But in the process of working in a completely different field with little children, guess what?

I'm finding my voice.  

As I see little children learn and grow and make mistakes, I realize it is all grace.

I love to get messy as I help the children paint.

Sometimes they make mistakes.  Sometimes they say things spontaneously.  Sometimes they forget to brush their teeth or wash their hands.  But it's all grace ...

I'm discovering that I love photography and writing and playing and having fun.

I've lived most of my life in a left brain world but I realize I'm a right brain person.

No wonder I often struggled.  I always tried to keep up and do things right.

Praise God for His grace.

What about you?  Have you found your voice?  What has it taken for you to find it?

I'm linking up with Bonnie for this Faith Barista Jam.


Blessings and love,

Debbie Petras
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  1. Powerful blog, Debbie. You are right, we often trying to be 'good' and listen.

    I am so glad that you are finding your voice and enjoying working with children. I know you are good at it because you have the right perspective. Kids mess up (so do we as adults). Indeed, it is all about grace.

    I have to check out the book.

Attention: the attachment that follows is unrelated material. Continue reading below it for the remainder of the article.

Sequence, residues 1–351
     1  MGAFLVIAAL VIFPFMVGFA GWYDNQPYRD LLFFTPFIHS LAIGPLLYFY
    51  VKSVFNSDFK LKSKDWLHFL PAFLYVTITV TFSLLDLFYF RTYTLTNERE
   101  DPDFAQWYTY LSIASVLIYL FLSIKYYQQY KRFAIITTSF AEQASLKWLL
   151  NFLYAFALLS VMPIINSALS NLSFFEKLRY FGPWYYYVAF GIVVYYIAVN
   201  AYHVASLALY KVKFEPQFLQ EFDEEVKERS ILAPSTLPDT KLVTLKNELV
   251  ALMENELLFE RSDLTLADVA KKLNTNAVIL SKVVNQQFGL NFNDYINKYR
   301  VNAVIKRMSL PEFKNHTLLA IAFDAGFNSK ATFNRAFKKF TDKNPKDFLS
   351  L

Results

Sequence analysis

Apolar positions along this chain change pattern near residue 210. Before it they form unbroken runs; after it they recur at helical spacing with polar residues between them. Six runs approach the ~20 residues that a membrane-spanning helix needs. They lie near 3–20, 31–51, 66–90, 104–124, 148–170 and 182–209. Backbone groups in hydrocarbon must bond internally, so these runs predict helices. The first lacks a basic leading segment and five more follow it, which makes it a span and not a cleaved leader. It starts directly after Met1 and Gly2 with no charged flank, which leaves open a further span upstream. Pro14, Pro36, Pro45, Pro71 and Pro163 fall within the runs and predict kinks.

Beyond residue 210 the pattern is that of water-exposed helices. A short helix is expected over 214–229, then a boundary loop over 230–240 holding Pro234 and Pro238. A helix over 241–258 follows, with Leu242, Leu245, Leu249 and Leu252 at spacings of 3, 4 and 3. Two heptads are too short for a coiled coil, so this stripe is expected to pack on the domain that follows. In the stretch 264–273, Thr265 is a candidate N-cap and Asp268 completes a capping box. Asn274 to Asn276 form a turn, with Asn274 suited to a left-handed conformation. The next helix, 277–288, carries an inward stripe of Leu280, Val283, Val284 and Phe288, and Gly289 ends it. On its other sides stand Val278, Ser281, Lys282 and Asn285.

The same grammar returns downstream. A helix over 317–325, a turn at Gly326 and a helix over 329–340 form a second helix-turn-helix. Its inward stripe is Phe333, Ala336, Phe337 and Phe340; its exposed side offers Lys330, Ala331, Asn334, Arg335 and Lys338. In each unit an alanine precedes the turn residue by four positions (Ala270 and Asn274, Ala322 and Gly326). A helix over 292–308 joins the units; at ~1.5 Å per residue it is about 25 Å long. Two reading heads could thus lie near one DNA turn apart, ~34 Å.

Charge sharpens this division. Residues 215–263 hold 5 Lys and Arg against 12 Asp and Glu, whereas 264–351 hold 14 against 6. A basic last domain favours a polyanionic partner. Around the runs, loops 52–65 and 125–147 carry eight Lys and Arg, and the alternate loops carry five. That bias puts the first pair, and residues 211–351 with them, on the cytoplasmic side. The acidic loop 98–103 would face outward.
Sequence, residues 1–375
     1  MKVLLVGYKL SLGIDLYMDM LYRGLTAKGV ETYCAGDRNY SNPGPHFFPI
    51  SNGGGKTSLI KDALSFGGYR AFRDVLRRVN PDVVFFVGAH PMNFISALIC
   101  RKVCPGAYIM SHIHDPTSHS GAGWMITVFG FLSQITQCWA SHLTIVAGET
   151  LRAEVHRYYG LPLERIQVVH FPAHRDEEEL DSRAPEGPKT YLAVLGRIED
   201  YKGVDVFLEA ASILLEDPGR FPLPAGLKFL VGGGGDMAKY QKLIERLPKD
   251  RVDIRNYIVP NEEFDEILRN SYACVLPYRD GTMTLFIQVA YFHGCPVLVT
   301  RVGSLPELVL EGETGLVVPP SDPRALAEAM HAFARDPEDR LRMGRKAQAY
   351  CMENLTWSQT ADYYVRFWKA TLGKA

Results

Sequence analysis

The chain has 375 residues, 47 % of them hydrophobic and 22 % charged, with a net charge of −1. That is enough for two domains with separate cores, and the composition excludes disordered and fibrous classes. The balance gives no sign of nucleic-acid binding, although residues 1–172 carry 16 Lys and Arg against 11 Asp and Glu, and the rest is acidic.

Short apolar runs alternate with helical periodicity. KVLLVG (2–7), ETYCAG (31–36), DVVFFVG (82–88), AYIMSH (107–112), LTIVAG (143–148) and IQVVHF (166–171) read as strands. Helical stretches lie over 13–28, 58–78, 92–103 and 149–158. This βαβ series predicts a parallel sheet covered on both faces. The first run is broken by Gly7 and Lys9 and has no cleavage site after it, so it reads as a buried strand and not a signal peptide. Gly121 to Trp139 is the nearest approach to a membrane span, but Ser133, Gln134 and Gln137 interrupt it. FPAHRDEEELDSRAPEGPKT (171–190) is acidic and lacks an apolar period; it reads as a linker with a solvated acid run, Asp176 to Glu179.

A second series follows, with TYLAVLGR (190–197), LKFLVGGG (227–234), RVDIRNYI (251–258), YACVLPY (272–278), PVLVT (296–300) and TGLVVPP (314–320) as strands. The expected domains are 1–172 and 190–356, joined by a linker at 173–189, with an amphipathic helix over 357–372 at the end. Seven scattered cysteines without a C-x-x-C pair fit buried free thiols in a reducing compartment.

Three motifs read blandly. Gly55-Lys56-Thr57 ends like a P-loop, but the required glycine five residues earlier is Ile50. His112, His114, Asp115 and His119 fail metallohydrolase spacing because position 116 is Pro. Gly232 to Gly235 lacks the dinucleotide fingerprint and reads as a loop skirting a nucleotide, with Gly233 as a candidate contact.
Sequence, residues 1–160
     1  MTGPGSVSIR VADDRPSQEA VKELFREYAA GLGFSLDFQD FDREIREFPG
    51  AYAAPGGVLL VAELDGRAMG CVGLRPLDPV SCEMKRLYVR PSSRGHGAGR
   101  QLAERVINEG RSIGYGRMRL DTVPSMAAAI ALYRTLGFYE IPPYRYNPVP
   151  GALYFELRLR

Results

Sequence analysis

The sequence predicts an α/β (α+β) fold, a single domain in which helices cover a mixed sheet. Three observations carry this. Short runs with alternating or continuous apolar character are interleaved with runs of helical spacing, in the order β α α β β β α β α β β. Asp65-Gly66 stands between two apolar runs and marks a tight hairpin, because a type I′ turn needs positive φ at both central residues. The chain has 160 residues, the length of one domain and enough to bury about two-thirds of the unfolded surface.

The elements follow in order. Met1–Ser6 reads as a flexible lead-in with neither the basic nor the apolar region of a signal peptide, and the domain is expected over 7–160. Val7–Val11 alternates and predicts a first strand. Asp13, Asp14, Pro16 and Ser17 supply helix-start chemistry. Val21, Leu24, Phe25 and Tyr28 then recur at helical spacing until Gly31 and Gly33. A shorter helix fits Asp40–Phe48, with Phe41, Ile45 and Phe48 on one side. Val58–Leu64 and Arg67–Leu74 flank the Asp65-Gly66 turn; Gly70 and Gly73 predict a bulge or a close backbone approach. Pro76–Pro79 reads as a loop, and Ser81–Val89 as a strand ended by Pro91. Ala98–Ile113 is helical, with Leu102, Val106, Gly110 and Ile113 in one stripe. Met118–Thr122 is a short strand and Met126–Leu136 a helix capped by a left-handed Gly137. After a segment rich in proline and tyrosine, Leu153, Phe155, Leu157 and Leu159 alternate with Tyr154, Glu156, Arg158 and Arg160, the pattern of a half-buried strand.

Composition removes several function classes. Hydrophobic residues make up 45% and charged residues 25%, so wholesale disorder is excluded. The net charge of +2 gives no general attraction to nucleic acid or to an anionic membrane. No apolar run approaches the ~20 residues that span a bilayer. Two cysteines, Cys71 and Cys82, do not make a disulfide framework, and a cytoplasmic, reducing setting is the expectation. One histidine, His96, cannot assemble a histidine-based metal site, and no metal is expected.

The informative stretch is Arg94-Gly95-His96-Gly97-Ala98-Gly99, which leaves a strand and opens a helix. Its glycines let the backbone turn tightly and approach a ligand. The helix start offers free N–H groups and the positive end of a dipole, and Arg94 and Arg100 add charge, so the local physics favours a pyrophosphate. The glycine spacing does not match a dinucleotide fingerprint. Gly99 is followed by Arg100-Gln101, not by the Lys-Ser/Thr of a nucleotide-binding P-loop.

Love & peace,
    <>< Iris

  2. Good morning Debbie! WOW...this is such a good testimony of what the Lord has taught you and brought you through. I am soo glad you are enjoying your job. In my mind and heart there really is not much better than little children. How I love them. Their innocence and sweetness is hard to match, and their acceptance and love unbeatable.
    The Lord always knows just what He is doing doesn't He? haha Enjoy your week-end! HUGS

  3. Thank God for His grace. We all need it. I remember when we were in the midst of raising our four, now raising our grandson. There were often times when they would do something that deserved a rather harsh punishment. I remember all the times we discussed what would be the right discipline, and how we would come to realize that we too needed to practice grace. Of course, the children didn't always get off scott-free(hm...wonder where that expression comes from?), but when I think of all the things that God has given me grace for, I can be a little more forgiving of my children. And yes, I believe they appreciate it. It is good to offer grace when so much has be given to me.